International News Round Up
A new report reveals that exposure to green space reduces the risk of type II diabetes, cardiovascular disease, premature death, preterm birth, stress, and high blood pressure. Populations with higher levels of green space exposure are also more likely to report good overall health. The research team from the University of East Anglia studied data from 20 countries including the UK, the US, Spain, France, Germany, Australia and Japan.
Living in proximity to green space may reduce the risk of schizophrenia, particularly during childhood. Using satellite images of green spaces in Denmark, a group of Danish researchers from Aarhus University found that people who lived in areas with the least amount of green space faced an increased risk of developing schizophrenia compared to those who lived in areas with the most green space.
The Report Card on Physical Activity for Children and Youth released by the non-profit organization ParticipAction indicates that only 35 percent of five to 17-year-olds and 62 percent of children ages three and four are getting the recommended physical activity. Study authors state that physical activity has profound impacts on kids’ brain health including increased cognitive skills to improved mental health.
Children living in a neighborhood in western Canada have been prohibited from activities such as chalk drawing, bike riding and hockey, after a bylaw was passed banning all outside play from the street. The neighborhood council at a small housing development on Vancouver Island voted to ban the use of roadways for anything other than access to and from the community, for safety reasons.
A historic Mexico City fountain will be transformed into a children’s playground. The playground was the winning design in a competition hosted by Mexico City’s new experimental office for civic innovation and urban creativity. The playground uses wooden ramps and horizontal grids to provide ‘moments of moderate risk which encourages interaction and dynamic play’.
In order to help students get optimal benefits from recess, a new study published in “BMC Public Health” looked at benefits of school recess beyond physical activity. Study researchers visited nearly 500 elementary schools spanning 22 urban and metropolitan areas in the U.S., examining safety, resources, student engagement, adult engagement, pro-social/anti-social behavior, and student empowerment during recess. As part of the study results, the researchers developed a 17-point checklist to optimize the playground experience.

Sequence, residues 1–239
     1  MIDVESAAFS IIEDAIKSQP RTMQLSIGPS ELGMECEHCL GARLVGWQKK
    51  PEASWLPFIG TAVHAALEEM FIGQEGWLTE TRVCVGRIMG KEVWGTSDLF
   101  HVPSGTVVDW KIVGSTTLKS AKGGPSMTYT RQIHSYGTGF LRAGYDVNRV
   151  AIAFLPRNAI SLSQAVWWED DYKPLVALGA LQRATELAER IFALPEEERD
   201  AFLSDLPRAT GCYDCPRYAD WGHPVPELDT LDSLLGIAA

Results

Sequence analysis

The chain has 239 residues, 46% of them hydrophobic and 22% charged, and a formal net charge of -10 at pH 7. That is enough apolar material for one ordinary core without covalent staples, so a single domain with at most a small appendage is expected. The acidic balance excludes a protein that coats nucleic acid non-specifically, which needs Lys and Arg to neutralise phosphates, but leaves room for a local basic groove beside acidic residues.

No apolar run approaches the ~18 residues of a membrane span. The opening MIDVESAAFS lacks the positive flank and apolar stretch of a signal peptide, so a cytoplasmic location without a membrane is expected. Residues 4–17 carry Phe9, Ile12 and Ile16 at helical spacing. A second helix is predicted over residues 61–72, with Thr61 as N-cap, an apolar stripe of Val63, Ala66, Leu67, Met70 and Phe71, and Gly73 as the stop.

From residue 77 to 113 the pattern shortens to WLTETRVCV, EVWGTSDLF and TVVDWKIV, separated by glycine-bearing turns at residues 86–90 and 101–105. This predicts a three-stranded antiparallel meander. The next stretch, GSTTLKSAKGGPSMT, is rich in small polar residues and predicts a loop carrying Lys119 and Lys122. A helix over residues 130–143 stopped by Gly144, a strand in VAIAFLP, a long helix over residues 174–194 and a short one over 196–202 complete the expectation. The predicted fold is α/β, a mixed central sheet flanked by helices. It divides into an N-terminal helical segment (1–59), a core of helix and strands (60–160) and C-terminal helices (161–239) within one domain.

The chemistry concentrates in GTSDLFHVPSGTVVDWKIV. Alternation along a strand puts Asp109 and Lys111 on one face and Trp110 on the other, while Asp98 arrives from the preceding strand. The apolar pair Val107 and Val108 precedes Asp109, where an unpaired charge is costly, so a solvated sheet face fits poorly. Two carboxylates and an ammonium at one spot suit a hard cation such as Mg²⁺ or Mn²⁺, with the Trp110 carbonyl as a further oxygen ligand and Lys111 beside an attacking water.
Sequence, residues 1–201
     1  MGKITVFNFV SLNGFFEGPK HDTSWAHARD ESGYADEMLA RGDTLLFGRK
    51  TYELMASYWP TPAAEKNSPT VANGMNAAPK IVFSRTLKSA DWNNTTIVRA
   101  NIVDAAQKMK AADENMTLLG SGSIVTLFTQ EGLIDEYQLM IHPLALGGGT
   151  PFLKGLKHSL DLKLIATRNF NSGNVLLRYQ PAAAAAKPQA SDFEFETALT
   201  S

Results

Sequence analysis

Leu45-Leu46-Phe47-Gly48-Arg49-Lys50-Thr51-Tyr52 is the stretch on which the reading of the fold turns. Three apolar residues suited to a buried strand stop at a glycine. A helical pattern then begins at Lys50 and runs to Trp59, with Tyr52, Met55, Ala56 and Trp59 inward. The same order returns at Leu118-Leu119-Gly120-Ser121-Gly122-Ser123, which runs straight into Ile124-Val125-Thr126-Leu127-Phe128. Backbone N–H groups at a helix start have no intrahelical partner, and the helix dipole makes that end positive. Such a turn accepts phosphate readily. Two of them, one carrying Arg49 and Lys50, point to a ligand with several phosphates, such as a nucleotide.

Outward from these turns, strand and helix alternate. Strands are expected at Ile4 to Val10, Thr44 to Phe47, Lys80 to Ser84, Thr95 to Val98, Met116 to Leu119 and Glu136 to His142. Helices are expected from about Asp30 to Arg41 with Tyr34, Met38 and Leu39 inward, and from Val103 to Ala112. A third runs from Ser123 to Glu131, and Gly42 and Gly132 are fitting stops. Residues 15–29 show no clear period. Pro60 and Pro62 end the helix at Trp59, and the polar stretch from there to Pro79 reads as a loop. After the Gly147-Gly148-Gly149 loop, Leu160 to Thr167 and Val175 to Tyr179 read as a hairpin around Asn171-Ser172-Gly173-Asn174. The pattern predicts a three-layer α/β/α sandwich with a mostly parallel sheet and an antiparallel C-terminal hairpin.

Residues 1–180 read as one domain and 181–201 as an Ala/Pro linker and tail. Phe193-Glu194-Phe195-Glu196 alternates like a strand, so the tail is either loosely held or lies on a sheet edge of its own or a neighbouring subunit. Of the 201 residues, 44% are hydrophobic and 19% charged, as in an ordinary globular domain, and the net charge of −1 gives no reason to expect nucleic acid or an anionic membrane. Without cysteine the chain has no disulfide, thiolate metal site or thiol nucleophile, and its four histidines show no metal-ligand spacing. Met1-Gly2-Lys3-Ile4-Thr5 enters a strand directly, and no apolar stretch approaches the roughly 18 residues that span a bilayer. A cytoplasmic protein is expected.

A new University of Minnesota, Twin Cities study of more than 400 children finds that parents who exercise excessive control over their children from an early age may be putting their kids at a serious disadvantage. The findings suggest that overcontrolling parenting may prevent children from practicing emotional and behavioral control on their own. Such children, the study suggests, are ill-prepared to cope with stress and prone to lash out at others.
A new study in the journal “Behavioral Sciences” compared three different “levels of nature”—a wilderness setting, an urban park, and an indoor exercise club—to see how they affect levels of stress. Using a psychological test plus a saliva test, the researchers from Indiana and Illinois State Universities found that the location with the highest level of nature had the greatest effect on reducing levels of stress as measured by the tests.
Outdoor gear retailer REI is investing in parks and other outdoor areas around Chicago, Los Angeles, San Francisco, Seattle and Washington, D.C. The efforts are a continuation of the Rewilding Project, which centers on trail-building, boosting sustainable management practices and increasing accessibility to the public.
A recent survey asking 200 children between the ages of 4 to 8 to identify nature found in Britain revealed that 89% of children were unable to recognize a butterfly, 51% didn’t know what a bumblebee looks like and 29% didn’t realize that bees make honey. The survey was part of the Play More campaign, an initiative designed to encourage parents and children to get back in touch with nature.
July is Park and Recreation Month. Launched by the National Recreation and Park Association (NRPA), Park and Recreation Month was designed to encourage the public to get out to local parks and rec centers. This year’s theme is to explore the many “undiscovered” offerings such as science, technology, engineering and math (STEM) programming, senior programs, and innovative health and wellness opportunities
The children of the San Francisco Bay Area region’s elite are learning through play in a tech-free space. “Low-tech, high-play” education is becoming increasingly popular with tech families in California’s Silicon Valley, replacing rote-learning and exam-focused schooling with project-based learning and outdoor time.
Excessive video game playing can have the same effect on children’s brains as drug abuse or alcoholism, according to a recent study. Researchers from California State University showed through MRI scans that the impulsive/reward system of the brain, the amygdala-striatal system, was more sensitive and smaller in excessive video game users to be able to process the stimuli of the games faster.
The Girl Scouts of the United States of America (GSUSA) recently announced a new adventure-oriented collaboration with The North Face. With 12 new adventure badges, it will be the largest national organization to offer skills like trail running, mountaineering, rock climbing, and backpacking specifically for girls.
A campaign called Generation Wild has been launched by Great Outdoors Colorado (GOCO). The Generation Wild campaign features “100 Things to Do Before You’re 12,” a range of activities from making a mudpie to hiking a 14er. The campaign is intended to inspire kids to get outside more often.